Internationally acclaimed rugby storyALONE IT STANDS, about the shocking 1978 Irish defeat of New Zealand’s champion team, makes NYC premiere as part of Origin’s 1st Irish Festival at 59E59 Theaters
ALONE IT STANDS
written and directed by John Breen
Origin's 1st Irish Festival at 59E59, 59 East 59th Street. January 10, 2019, through January 27.
On October 31, 1978 a small Irish provincial rugby team called Munster beat the New Zealand All Blacks 12-0.
It was an event that rocked Ireland. The All Blacks was rightly considered one of the best rugby teams in history. Ireland was in the grip of a recession and war was waging in the North. This David vs Goliath victory captured and entranced Irish people everywhere. This is the story of that great day.
A cast of six actors performs 62 characters including: two rugby teams, the coaches, the fans, The Bunratty singers, nurses, street urchins, a pregnant woman in labor, two babies, and a dog. There is a bonfire, a birth, a wake, and a rugby match that will never be forgotten.
ALONE IT STANDS opened at the Gaiety Theatre in Dublin in 2000 and transferred to the West End, where The Guardian said it was “A small play with a big, unaffected heart…staged with considerable verve… Like the match itself, the whole evening is a gloriously live experience.” The play has since gone on to tour throughout the world to wide acclaim. The 1st Irish festival run marks its NYC premiere.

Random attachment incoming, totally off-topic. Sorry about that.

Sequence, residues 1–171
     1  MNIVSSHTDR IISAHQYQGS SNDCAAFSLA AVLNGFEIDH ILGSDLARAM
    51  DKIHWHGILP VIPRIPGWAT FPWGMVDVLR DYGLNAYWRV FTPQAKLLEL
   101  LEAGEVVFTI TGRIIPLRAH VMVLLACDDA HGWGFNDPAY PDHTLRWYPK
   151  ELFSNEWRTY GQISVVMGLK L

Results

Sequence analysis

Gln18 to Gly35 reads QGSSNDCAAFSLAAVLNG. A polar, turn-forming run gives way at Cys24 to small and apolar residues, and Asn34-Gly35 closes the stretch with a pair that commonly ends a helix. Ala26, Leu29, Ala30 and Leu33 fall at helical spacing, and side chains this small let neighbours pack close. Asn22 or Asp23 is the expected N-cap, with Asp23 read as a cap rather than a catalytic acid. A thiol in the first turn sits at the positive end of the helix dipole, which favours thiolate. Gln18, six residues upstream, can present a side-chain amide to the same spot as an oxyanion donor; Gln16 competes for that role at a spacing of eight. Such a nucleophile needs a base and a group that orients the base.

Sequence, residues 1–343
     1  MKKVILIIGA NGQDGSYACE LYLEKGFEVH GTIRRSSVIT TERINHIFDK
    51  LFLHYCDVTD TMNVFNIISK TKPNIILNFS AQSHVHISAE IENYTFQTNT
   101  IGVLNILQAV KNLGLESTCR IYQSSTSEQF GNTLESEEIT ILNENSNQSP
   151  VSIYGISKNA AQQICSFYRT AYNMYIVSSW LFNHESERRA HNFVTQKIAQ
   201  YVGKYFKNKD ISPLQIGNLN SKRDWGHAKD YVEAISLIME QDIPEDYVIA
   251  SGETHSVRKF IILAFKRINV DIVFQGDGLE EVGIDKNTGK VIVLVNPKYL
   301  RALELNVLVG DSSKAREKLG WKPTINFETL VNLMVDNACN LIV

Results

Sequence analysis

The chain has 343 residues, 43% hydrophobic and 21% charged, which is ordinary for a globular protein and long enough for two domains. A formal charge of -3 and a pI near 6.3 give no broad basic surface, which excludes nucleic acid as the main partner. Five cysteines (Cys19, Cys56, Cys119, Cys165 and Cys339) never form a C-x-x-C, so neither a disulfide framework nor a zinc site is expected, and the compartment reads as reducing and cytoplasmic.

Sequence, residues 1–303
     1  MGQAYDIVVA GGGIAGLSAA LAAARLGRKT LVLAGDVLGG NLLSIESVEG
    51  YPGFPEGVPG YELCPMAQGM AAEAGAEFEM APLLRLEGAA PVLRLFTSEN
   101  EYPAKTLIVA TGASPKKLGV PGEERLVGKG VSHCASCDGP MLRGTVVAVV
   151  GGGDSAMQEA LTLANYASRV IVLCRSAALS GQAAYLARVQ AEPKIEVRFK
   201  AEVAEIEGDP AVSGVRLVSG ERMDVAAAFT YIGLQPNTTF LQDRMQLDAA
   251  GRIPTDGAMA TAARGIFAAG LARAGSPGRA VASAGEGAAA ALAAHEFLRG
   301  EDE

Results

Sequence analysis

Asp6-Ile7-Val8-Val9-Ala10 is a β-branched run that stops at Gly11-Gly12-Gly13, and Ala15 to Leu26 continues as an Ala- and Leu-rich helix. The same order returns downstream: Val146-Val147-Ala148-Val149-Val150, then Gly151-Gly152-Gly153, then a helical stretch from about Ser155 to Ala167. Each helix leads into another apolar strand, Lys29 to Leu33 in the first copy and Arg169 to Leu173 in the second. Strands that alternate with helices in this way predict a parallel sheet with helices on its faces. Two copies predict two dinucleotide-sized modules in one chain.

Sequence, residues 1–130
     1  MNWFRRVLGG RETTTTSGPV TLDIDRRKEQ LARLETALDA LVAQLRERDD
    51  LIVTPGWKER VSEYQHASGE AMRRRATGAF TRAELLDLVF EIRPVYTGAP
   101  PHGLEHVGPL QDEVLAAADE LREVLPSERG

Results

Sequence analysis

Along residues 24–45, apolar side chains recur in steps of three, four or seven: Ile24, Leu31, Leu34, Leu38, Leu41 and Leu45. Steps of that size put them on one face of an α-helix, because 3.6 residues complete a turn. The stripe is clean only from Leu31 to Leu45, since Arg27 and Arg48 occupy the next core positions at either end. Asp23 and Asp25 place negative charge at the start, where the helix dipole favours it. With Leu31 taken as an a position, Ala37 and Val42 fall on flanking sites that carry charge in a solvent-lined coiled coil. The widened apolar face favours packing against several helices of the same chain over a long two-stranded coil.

The cast features Chase Guthrie Knueven (NYC Debut); Ed Malone (The Home Place, Juno and the Paycock, The Weir at Irish Rep); Rob McDermott (It Folds at the Abbey Theatre, Dublin), David O'Hara (Three Small Irish Masterpieces, Juno and the Paycock at Irish Rep), Henry Raber (Theatre Smash at the York Theatre); and Sarah Street (Rebel in the Soul at Irish Rep).
Lighting design is Michael O Connor with the remaining design team to be announced.
John Breen (playwright/director) is best known as the writer/ director of the hit play Alone It Stands which tells the story of Munster’s victory over the All Blacks in 1978. He was awarded the Irish Times/ESB Theatre Award in February 2000 for Best Director for his direction. The play has been seen all over Ireland, the UK, Australia, France, Malaysia, New Zealand and in Tasmania. It is estimated that two hundred and sixty thousand people worldwide have seen the play. It is on the National curriculum in Ireland for Middle schools.